[pulseaudio-discuss] Making Pulseaudio the perfect digital-everywhere sound transport

Alexander E. Patrakov patrakov at gmail.com
Tue Feb 12 03:53:11 PST 2008

Erich Boleyn wrote:
>   --  Issue:  Digital compressed stream transport.
>       Example:  Dolby 5.1, DTS, etc.
>     --  Potential solution:  Sent it compressed unless it needs mixing, then
>         blow out to uncompressed.  Recompress at digital output.
>         I saw a passing comment in the last month's email archives that
>         the compressed audio did not have defined latency characteristics
>         so would probably not work well.  I don't understand the Dolby/DTS
>         formats well at all, so it could be I'm just confused on this front
>         in thinking it's easy.
>         Being able to recompress also brings up where to get the
>         recompression code from (and which sub-format of the myriad
>         Dolby 5.1/DTS extensions to support).  That's probably a whole
>         discussion in and of itself.  I saw one comment saying there
>         was support in one of the open-source libs for it, but none
>         about what the overhead or latency issues involved would be.

The issue is that once you have switched to the recompressed stream, you can't 
switch back to passthrough easily without getting a click, at least for DTS. The 
following pieces of the DTS specification reqire maintaining the history:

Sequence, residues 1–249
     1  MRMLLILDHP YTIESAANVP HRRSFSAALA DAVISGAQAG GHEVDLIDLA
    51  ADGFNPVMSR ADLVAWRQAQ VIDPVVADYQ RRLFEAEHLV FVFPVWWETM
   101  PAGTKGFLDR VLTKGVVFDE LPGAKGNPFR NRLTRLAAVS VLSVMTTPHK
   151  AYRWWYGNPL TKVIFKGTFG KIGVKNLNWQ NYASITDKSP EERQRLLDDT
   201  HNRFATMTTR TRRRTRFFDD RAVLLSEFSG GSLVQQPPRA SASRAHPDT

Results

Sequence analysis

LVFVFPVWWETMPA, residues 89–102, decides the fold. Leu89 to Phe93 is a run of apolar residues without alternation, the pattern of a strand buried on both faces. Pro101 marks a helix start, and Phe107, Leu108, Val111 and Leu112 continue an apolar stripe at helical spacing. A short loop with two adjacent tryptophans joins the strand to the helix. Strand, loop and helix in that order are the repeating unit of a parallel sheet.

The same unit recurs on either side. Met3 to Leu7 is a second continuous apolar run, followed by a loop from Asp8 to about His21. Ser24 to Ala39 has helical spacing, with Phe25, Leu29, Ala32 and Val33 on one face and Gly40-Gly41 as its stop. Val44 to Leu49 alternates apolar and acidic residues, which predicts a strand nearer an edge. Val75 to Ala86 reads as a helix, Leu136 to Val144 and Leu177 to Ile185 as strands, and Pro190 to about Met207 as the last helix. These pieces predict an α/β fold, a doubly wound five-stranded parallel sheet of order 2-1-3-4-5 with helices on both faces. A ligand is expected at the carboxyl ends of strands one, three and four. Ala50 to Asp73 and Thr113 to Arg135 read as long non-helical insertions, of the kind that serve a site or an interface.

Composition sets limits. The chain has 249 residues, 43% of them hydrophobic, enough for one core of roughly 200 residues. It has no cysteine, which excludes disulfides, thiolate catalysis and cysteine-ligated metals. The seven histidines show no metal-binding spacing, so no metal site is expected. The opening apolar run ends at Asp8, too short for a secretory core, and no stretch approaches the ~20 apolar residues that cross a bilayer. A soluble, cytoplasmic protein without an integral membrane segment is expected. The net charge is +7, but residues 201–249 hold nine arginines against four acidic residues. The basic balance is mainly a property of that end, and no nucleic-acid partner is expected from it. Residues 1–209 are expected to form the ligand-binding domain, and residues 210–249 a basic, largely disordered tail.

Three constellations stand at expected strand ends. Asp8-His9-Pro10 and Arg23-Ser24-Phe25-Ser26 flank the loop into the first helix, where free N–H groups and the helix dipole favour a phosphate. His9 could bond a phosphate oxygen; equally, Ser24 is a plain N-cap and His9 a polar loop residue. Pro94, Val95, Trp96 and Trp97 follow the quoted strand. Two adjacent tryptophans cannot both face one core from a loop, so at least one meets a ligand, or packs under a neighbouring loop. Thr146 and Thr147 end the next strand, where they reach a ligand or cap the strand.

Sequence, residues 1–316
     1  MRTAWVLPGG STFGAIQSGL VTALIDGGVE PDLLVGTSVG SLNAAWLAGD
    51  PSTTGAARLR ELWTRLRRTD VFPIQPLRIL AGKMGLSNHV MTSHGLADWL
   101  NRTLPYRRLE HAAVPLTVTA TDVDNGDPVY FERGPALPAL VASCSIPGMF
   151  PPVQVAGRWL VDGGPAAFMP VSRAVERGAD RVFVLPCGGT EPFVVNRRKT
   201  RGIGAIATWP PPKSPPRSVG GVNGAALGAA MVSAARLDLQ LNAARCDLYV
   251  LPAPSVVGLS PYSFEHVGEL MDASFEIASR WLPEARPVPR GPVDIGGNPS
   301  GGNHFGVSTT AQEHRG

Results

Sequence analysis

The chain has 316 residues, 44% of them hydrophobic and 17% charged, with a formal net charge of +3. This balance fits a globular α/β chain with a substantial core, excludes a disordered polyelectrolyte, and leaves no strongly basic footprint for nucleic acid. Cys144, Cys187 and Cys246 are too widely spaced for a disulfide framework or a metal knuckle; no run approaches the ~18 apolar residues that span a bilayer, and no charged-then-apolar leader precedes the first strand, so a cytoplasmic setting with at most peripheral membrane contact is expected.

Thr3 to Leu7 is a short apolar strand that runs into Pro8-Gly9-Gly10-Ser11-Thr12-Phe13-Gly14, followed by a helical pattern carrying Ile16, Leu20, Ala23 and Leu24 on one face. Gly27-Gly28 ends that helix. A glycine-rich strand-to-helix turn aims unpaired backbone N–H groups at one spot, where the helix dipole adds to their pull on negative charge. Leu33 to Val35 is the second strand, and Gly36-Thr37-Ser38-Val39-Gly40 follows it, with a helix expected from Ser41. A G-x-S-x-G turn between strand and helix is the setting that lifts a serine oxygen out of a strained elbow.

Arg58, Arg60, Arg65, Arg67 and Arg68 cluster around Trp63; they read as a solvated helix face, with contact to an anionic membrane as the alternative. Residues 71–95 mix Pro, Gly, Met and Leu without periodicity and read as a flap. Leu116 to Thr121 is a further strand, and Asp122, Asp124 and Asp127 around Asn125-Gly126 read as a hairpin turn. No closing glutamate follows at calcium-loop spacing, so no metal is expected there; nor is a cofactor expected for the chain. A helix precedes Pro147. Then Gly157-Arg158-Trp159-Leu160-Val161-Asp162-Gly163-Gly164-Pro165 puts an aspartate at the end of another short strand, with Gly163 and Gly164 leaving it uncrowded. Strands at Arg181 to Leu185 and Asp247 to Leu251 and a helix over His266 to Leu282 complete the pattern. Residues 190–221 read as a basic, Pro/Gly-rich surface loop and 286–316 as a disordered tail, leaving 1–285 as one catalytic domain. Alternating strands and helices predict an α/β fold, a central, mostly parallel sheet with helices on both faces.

1) ADPCM prediction (typically used in one or two subbands at a time).

2) Subband synthesis (required all the time).

Another problem is that the DTS specification omits certain key parts. E.g., it 
talks about 192 kHz sample rate only in the introduction, specifies only the 
extension header for 96 kHz, and provides long FIR tables for a 32-band 
quadrature mirror filter (used at 32 .. 48 kHz) in such a way that one cannot 
guess how to construct a 64-band filter required for 96 kHz.

As for the latency, this is not an issue for DTS, where the precise decoding 
algorithms for 8 .. 48 kHz are specified (and thus the latency of 
encoder+decoder chain is known to be 512 samples for sampling frequencies of 32 
.. 48 kHz).

Note: there is no open-source DTS encoder yet, but I am writing one. The key 
piece (deobfuscating and undoing actions in section C.6 of the specification) is 
already done for the "non-perfect reconstruction filter" case, and a tarball 
with proof-of-concept code (only capable to encode CD-quality stereo wav files 
to 1411 kbps DTS - i.e., useless encoding without any compression) is available 
from me on request, if you either prove that you have the required DTS patent 
license, or demonstrate that you don't need it.

Alexander E. Patrakov

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